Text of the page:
[K12OSN] Plans for K12Linux EL6 and Future Fedora

Warren Togami Jr. warren at togami.com
Sun May 8 23:29:06 UTC 2011

On 5/8/2011 6:40 AM, Les Mikesell wrote:
>> * LTSP relies on the ancient and almost now untested functionality of
>> remote X.
>> Fedora 8 through 12 I was effectively the only Red Hat engineer
>> working on
>> remote X desktop and netboot issues. The entire Fedora distro will
>> continue to
>> further drift away from working remote X desktops as it simply was
>> never a
>> priority.
> That's ummm, extremely unfortunate. I gave up even looking at Fedora
> long ago because they seemed so out of touch with the way unix/linux is
> actually used, apparently wanting to turn it into a single-user toy. On

This is really a point of view issue.  In reality, the GNOME 3 direction 
pioneered by Fedora is what the vast majority of users want in the 
future.  LTSP is and has always been in the extreme minority.

> the other hand, it is fairly likely that future client hardware would be
> able to run the desktop locally, given a way to boot a fairly fat client.

This is a good point.  This would effectively negate the issues of a 
remote desktop protocol and fully use the power of modern client hardware.

However, this approach has always been a good idea.  Yet oddly enough, 
nobody did it.  I suspect it is because it requires significantly more 
effort to it was to make LTSP.  With almost nothing running on the 
client, LTSP was very easy to deploy and manage.

No matter how good an idea it might be, in reality it wont happen if 
people don't develop it.  For years Eric Harrison was the only developer 
on RH LTSP, then it was only me for a few following years.  For years 
I've asked this community for volunteer help but received almost none.

In other words, talk is cheap.

>> Next Generation of K12Linux: Desktop Virtualization
>> ===================================================
>> http://en.wikipedia.org/wiki/Desktop_virtualization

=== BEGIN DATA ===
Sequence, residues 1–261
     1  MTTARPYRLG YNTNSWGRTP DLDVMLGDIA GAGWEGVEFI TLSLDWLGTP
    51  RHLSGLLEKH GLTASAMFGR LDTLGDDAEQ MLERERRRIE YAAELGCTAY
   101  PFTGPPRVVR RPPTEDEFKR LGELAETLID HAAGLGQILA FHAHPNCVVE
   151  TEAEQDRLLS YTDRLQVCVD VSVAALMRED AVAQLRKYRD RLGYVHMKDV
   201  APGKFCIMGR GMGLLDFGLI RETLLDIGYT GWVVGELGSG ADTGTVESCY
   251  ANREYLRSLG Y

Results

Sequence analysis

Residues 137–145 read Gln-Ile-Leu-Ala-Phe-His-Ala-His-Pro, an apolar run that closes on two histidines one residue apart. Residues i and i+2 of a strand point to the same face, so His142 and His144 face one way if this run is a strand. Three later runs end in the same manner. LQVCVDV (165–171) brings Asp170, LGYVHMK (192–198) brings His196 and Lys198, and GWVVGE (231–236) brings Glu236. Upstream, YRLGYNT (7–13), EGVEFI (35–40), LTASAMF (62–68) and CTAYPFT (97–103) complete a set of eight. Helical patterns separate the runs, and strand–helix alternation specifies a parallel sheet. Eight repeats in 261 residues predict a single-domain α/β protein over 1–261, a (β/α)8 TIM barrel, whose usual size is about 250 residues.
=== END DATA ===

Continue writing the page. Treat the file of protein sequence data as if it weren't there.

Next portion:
>> I have been thinking about a theoretical next generation technology
>> replacement
>> for LTSP. Fedora contains the remote desktop protocol SPICE and kvm,
>> the Open
>> Source core components of a VDI solution.
> Is spice licensed for redistribution? I thought I just saw something
> mentioned on the Centos list that they couldn't include it in 6.x.

This is a good question.  My knowledge is a year old, but back then the 
core components of the SPICE client (sans remote USB) and kvm 
server-side were open source.  The management solution is not Open 
Source, but a theoretical Fedora-based VDI solution would need to 
implement its own simple service to manage the virtual machines via the 
libvirt API.

>> A theoretical K12Linux based on SPICE would have each user's desktop
>> running
>> within their own virtual machine on a pool of centralized servers.
>> Maybe each
>> user's desktop VM would be hibernated to disk when their client
>> disconnects in
>> order to conserve central server resources.
>> The desktop GUI and sound would be forwarded over the network and
>> viewable with
>> the SPICE client running on thin clients. This would theoretically allow
>> K12Linux deployments to connect to any mix of both Windows or Linux
>> virtualized
>> desktop machines, although K12Linux would only document the Linux case.
> Seems like the wrong way to go compared to booting something that can
> run video locally. That is, you are adding several layers that are going
> to require cpu cycles and probably use a less efficient network protocol
> than the original video source format. There would be some tradeoffs
> between beefing up the server and the clients, but needing to do both
> sounds wrong.

Again, I agree that netbooting semi-fat clients would perform better 
than any remote desktop protocol.  But there are significant trade-offs. 
  It is significantly easier to implement this, and manageability and 
security are significantly better with all desktop VM's running in a 
central location.

>> Youtube sucks much less over the SPICE protocol than with remote X of
>> LTSP.
>> Modern expectations of stuff like video are another nail in the coffin
>> for the
>> old LTSP model.
> How would it compare to, say, running vlc directly on the client where
> for classroom use you could multicast the stream to scale out?

Of course vlc locally is better.  But have you actually tried 
full-screen video on multi-monitor setups over the SPICE protocol?  It 
is surprisingly not bad.  Fairly low CPU usage on the server, moderate 
bandwidth to the client.  The main bottleneck is the CPU of the client 

Video is not an issue with VDI.  The lack of Composite is an issue that 
may make it infeasible as Fedora and Ubuntu both go to composite 
desktops by default.

Warren Togami
warren at togami.com

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